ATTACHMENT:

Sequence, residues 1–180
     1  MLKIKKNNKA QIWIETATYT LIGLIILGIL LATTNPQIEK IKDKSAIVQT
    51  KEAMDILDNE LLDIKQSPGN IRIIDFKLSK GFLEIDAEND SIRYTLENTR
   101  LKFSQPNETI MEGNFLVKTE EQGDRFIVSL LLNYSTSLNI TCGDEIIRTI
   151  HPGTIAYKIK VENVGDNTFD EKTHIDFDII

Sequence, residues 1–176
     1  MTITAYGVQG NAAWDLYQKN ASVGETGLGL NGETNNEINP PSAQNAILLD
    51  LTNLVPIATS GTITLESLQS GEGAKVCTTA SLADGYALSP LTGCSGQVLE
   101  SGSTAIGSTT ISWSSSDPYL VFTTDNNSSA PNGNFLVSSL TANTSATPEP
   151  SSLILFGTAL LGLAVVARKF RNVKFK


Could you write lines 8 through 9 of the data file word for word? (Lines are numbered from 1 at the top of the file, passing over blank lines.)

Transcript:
    51  LTNLVPIATS GTITLESLQS GEGAKVCTTA SLADGYALSP LTGCSGQVLE
   101  SGSTAIGSTT ISWSSSDPYL VFTTDNNSSA PNGNFLVSSL TANTSATPEP